Cold War or Cool Calculation?

NEW YORK – With escalating violence in southern and eastern Ukraine and no solution in sight, the Ukraine crisis has become the world’s most turbulent geopolitical conflict since that triggered by the terrorist attacks against the United States in 2001. The US-led sanctions strategy will neither deescalate the tensions between the West and Russia nor bolster the imperiled pro-Western Ukrainian government. But, even with tightening sanctions against Russia and growing violence in Ukraine, there is little chance that Cold War II is about to start.

The US approach has been to ratchet up sanctions in response to Russian aggression, while ensuring that America’s allies remain united. At a recent joint press conference, President Barack Obama and German Chancellor Angela Merkel announced a new, lower threshold for additional sanctions. Previously, that threshold was a direct Russian military invasion; now, as Merkel explained, if Russia disrupts Ukraine’s May 25 elections, “further sanctions will be unavoidable.”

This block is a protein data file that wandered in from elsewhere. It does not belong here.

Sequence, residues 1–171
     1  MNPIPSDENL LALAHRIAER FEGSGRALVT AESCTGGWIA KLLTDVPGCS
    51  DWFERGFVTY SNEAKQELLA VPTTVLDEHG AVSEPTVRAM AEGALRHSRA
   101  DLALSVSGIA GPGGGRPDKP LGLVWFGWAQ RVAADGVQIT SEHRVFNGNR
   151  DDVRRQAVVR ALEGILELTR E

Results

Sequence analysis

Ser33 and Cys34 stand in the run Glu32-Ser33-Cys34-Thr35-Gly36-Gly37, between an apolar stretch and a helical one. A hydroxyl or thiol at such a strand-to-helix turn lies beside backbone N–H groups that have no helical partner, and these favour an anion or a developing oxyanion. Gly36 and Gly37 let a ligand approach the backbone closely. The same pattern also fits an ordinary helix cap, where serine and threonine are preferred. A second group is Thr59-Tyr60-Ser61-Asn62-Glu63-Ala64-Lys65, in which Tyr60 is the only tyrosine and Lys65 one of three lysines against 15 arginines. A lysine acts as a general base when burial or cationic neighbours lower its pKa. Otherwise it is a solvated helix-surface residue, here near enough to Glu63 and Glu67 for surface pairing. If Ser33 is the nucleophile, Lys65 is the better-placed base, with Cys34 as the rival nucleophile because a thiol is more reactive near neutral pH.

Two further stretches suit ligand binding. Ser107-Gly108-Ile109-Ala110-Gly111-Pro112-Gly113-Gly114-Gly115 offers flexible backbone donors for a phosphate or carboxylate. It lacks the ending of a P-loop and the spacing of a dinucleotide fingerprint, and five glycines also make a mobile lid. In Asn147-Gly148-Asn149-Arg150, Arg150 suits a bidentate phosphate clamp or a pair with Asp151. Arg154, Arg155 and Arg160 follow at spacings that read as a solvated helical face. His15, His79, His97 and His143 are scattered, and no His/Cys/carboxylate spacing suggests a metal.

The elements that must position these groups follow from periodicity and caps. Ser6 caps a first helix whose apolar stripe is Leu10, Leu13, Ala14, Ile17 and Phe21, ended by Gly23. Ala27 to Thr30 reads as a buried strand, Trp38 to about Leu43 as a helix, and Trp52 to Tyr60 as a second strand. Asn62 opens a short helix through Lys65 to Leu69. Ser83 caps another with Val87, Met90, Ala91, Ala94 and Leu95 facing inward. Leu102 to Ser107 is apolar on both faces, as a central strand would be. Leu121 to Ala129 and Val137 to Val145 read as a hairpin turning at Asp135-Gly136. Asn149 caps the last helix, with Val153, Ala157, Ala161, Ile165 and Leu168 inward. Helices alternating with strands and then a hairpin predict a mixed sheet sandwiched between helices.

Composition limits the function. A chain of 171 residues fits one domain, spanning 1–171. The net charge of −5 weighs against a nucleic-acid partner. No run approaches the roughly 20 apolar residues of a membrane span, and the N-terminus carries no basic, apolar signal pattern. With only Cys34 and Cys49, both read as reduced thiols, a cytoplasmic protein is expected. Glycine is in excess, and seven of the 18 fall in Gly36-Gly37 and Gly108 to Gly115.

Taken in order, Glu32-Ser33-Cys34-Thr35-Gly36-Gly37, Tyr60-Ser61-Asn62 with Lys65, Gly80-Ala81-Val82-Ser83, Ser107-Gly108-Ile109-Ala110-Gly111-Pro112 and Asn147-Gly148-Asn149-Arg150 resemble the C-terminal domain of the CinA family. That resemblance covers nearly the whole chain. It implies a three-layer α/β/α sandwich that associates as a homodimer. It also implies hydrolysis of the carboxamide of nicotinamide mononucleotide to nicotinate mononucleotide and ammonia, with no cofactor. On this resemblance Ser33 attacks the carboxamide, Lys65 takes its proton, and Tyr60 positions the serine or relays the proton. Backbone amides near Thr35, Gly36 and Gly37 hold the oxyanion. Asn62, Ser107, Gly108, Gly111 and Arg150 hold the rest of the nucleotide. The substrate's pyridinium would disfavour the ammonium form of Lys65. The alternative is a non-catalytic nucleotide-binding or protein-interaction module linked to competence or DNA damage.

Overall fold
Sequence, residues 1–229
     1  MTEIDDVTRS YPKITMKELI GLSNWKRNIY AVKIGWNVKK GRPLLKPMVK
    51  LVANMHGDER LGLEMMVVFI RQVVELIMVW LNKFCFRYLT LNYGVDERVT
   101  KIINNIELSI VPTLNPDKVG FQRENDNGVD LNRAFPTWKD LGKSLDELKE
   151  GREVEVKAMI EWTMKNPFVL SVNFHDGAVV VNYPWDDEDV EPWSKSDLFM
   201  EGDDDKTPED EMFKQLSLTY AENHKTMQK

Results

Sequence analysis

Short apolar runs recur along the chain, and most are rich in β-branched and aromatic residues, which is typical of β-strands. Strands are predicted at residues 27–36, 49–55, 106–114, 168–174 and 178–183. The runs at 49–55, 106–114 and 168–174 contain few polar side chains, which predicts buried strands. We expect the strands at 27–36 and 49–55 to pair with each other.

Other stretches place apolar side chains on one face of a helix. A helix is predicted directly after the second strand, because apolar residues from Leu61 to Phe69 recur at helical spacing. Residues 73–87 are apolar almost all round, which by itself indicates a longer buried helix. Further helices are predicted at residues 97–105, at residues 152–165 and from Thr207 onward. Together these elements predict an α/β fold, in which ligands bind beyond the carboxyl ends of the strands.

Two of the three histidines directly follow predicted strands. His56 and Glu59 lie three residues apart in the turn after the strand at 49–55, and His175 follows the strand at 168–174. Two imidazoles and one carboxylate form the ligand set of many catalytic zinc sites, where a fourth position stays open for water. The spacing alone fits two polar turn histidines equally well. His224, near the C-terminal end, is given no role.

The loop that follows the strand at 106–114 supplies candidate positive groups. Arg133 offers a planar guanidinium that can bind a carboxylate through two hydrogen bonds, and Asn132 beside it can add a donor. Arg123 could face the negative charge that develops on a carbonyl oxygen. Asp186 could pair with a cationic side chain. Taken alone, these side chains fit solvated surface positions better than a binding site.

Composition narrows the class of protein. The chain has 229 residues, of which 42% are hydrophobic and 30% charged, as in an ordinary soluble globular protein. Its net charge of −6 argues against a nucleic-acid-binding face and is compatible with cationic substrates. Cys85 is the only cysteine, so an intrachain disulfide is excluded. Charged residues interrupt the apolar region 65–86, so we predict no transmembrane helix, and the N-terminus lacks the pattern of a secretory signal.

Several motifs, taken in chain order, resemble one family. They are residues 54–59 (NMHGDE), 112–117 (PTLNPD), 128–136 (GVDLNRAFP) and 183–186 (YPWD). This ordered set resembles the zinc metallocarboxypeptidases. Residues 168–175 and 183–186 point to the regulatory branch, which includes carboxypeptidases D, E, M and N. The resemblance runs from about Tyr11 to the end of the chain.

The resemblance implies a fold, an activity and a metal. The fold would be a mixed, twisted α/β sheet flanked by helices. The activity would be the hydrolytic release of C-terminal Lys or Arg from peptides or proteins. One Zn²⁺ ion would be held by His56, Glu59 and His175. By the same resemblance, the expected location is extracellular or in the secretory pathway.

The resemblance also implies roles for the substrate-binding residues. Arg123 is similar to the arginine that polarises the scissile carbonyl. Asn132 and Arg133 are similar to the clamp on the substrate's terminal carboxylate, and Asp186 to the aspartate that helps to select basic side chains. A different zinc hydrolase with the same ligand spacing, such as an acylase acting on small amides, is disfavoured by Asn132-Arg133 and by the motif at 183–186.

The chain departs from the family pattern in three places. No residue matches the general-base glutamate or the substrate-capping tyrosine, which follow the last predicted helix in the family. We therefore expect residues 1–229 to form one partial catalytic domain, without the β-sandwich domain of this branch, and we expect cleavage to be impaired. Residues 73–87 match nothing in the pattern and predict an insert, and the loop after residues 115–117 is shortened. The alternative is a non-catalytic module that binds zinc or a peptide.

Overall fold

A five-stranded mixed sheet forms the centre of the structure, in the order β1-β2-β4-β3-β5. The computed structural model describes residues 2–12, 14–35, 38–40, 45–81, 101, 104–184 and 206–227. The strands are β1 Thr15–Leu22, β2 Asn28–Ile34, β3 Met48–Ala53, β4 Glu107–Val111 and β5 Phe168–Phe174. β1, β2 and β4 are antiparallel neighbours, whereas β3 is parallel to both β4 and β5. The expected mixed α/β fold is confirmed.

But Merkel and Obama also lowered the bar for what those “further sanctions” would be. Instead of launching sweeping sectoral measures that would target vast swaths of the Russian economy – a big step toward “Iran-like” sanctions against Russia – it now seems that the next round will be only incremental. The elections threshold makes another round of sanctions virtually certain, but allows the tightening to be more modest and gradual.

Why slow down the sanctions response? The Americans understand that if they go too far too fast, Europe will publicly break with the US approach, because the Europeans have a lot more at stake economically. Whereas the US and Russia have a very limited trade relationship – worth around $40 billion last year, or roughly 1% of America’s total trade – Europe’s financial exposure to Russia, as well as its reliance on Russian natural gas, make it far more hesitant to torpedo the economic relationship.